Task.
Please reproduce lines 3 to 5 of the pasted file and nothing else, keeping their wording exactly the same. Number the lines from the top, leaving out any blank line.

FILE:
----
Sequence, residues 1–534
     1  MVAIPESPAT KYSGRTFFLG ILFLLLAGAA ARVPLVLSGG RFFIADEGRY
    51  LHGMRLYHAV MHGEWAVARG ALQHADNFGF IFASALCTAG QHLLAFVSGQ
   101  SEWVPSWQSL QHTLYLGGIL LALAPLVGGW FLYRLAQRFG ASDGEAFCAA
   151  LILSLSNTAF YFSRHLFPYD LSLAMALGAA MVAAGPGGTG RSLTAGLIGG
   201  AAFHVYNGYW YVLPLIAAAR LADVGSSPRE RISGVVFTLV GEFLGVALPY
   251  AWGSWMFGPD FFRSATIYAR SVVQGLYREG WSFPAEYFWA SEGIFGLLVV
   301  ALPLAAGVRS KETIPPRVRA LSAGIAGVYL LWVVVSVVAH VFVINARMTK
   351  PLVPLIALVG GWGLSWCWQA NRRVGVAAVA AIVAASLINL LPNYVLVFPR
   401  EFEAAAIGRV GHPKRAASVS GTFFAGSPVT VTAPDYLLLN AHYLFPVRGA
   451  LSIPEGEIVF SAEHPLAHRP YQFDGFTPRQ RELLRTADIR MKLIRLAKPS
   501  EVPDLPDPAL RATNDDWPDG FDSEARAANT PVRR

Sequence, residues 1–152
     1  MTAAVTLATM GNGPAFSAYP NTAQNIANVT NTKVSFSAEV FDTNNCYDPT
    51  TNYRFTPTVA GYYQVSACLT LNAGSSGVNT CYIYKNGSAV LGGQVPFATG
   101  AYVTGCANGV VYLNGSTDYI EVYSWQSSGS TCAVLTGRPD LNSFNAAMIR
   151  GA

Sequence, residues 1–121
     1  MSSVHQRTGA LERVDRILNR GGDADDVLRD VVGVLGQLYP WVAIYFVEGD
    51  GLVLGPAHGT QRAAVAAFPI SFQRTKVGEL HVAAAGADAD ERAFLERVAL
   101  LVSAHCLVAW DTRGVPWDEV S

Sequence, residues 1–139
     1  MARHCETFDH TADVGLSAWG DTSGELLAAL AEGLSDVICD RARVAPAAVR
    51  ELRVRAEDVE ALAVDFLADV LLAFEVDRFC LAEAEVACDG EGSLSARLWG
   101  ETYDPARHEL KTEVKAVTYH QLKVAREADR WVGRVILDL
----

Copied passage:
    51  LHGMRLYHAV MHGEWAVARG ALQHADNFGF IFASALCTAG QHLLAFVSGQ
   101  SEWVPSWQSL QHTLYLGGIL LALAPLVGGW FLYRLAQRFG ASDGEAFCAA
   151  LILSLSNTAF YFSRHLFPYD LSLAMALGAA MVAAGPGGTG RSLTAGLIGG